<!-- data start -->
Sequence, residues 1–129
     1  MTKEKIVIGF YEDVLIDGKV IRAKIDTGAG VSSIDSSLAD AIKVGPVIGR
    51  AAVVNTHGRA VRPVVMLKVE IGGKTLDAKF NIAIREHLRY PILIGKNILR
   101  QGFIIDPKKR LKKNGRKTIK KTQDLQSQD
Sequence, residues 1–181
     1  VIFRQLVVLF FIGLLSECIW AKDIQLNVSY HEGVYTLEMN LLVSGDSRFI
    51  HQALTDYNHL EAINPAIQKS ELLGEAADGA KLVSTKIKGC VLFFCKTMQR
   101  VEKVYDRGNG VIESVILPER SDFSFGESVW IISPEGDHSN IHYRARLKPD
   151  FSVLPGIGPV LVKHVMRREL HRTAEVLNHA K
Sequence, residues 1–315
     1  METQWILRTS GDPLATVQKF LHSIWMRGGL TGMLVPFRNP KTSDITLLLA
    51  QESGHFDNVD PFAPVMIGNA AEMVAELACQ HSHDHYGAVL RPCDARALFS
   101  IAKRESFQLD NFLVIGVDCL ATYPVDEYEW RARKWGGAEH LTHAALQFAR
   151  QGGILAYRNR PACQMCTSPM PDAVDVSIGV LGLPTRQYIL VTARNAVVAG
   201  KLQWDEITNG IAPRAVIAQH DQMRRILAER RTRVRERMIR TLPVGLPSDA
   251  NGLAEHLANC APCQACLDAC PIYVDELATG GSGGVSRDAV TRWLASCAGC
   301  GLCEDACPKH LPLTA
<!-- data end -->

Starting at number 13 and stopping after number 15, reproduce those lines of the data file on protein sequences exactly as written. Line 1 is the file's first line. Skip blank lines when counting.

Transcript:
   101  IAKRESFQLD NFLVIGVDCL ATYPVDEYEW RARKWGGAEH LTHAALQFAR
   151  QGGILAYRNR PACQMCTSPM PDAVDVSIGV LGLPTRQYIL VTARNAVVAG
   201  KLQWDEITNG IAPRAVIAQH DQMRRILAER RTRVRERMIR TLPVGLPSDA